Weekly Online Interview Magazine
close
Sarah Brightman: I would have preferred to be called a hybrid rather than a classical cros...
All - Music + Sounds

Sarah Brightman: I would have preferred to be called a hybrid rather than a classical crossover artist

The world’s biggest selling soprano, Sarah Brightman, on her space-theme latest album “Dream chaser”, her passion for space, and “Phantom of the Opera” years.

How did you manage to create a soundscape that came purely from being inspired by space?

– I worked with a wonderful producer named Mike Hedges, who had help engineer and produced some of the sounds for U2, The Cure and also has a love for classical music and choirs and I felt he would be the right person to work with. We did a lot of experimenting and I worked really through instinct and what made me feel very spacey when listening to certain sounds. And we just collected all of these pieces and sounds together to create the soundscape we did.

Space travel is your obsession, your childhood dream. What did you take so long to record a space-themed album?

– All of my albums subliminally in the tracks have had space sounds behind them and recorded them. I think I have always been ready to do a space album but it was just the timing that helped me created it at this particular time. I am interested in space. I have been interested in it since I was a young girl in the 60’s watching the first man land on the moon.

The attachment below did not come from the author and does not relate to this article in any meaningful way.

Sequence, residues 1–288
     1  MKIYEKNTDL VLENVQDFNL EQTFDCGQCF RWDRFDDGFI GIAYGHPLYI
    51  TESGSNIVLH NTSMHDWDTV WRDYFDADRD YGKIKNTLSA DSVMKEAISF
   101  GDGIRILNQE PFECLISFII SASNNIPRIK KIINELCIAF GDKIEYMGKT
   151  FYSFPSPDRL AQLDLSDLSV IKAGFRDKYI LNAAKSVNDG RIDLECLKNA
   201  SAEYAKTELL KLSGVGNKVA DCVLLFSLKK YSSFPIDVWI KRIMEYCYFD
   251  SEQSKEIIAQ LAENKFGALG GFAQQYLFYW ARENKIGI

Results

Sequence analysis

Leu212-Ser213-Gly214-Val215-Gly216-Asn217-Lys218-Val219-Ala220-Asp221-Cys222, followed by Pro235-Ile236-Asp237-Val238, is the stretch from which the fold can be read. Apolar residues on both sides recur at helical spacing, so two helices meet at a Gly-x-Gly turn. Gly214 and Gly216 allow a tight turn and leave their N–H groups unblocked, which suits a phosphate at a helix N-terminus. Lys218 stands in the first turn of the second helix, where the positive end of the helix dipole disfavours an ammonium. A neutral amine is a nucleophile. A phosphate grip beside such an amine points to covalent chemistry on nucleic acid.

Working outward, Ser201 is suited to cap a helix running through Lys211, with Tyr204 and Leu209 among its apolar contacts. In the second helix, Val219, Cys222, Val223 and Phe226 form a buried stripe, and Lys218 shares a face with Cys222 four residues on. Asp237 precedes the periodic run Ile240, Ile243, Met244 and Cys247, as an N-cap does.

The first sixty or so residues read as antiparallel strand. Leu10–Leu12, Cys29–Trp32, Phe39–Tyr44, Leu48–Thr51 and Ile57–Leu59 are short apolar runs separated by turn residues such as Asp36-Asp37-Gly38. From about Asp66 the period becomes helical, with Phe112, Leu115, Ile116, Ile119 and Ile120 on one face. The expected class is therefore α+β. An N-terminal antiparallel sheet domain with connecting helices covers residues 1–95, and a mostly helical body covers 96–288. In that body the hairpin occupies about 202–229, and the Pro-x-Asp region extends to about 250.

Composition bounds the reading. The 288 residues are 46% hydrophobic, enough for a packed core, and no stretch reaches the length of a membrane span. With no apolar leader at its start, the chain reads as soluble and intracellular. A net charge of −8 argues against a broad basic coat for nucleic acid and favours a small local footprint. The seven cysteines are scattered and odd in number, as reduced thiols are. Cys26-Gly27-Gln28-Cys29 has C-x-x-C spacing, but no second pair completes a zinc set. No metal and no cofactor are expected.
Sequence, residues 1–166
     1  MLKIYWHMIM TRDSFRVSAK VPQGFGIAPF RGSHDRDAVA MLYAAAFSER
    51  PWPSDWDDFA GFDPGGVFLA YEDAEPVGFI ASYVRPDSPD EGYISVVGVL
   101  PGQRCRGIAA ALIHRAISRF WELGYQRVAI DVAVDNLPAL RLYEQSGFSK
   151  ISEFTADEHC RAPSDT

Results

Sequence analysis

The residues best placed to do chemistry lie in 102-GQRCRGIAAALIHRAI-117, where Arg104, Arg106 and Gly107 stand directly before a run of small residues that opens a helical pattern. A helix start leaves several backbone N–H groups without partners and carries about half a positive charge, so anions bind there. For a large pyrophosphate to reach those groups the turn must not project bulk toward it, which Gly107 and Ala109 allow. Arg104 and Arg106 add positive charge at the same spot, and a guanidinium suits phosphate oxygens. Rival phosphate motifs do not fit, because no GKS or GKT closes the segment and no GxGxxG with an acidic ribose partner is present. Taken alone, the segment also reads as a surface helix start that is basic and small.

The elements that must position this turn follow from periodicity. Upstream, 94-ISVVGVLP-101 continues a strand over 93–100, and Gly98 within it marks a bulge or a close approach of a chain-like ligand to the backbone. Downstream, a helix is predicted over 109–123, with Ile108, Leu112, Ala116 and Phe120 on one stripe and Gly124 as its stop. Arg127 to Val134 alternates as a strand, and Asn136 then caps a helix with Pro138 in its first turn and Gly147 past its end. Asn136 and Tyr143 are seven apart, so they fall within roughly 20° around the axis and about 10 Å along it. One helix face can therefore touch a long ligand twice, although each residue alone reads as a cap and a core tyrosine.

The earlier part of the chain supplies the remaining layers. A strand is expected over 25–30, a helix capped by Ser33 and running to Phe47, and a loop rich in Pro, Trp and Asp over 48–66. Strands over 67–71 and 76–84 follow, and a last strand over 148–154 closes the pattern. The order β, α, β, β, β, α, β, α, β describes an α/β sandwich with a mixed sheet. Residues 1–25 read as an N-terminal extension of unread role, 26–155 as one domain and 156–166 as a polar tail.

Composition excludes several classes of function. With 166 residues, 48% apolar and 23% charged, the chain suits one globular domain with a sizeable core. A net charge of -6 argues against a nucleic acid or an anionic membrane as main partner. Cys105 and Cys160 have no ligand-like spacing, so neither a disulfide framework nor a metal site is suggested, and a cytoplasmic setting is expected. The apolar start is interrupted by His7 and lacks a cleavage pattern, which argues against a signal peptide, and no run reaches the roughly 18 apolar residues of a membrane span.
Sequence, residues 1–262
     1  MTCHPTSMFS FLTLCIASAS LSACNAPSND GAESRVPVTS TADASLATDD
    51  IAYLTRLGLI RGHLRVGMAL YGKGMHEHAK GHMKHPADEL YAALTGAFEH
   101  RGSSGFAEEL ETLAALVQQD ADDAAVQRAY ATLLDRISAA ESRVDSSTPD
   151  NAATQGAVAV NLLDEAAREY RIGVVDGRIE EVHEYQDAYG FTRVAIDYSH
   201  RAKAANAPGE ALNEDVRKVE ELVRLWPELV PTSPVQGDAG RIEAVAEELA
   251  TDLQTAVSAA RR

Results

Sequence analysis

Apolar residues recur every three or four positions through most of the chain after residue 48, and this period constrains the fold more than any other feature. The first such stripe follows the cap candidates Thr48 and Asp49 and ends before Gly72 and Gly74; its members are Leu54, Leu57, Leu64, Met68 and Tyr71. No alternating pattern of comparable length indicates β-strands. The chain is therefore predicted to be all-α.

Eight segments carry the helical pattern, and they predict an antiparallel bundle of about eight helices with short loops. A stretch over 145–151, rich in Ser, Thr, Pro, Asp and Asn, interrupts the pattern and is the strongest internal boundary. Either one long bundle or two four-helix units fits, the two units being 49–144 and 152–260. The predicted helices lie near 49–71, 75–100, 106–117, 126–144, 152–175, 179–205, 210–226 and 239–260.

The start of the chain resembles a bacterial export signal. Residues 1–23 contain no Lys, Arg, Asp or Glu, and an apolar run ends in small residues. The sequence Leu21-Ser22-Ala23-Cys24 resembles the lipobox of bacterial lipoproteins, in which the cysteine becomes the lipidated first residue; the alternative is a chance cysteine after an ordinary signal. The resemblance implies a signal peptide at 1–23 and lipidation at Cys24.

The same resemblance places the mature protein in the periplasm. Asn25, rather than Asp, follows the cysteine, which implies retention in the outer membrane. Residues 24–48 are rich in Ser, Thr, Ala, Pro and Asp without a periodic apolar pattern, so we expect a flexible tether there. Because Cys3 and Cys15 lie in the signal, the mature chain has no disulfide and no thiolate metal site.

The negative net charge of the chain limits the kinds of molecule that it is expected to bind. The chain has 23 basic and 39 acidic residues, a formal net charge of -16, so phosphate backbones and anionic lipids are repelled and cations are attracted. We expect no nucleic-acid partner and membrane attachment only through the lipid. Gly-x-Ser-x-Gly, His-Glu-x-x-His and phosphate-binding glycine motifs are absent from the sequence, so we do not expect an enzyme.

What’s the very first thing about space from your childhood?

– Being a young girl in the 60’s watching the first man land on the moon.

Is the space travel on your ‘bucket list’?

-Space travel is definitely on my bucket list.

What else?

 – I would like to produce and direct a movie, not necessarily a vastly commercial one, but something that gives me a lot of pleasure to put together.

 

You helped to bring classical music and opera, to wider, mainstream audiences. However, you’ve mentioned that you can’t stand being called ‘A Classical Crossover’ anymore. Why?

– I don’t think that anyone really opens the door in these situations because everything really has been done before in some form or another. I have had a long career in music and very organically working in the different styles that I have, a sort of fusion happened later on in my life, in music, which created I suppose what people sort of classify as a sort of a singer classical crossover –yes lots of singers after myself, Pavarotti and Bocelli – you know we were working in this kind of form without even realizing it and many singers after that embraced it and it has really created a new genre. I would have preferred to be called a hybrid rather than a classical crossover artist.

Phantom of the Opera celebrated 25 years on Broadway a while ago. What does it mean to you to be one of the most successful musicals ever?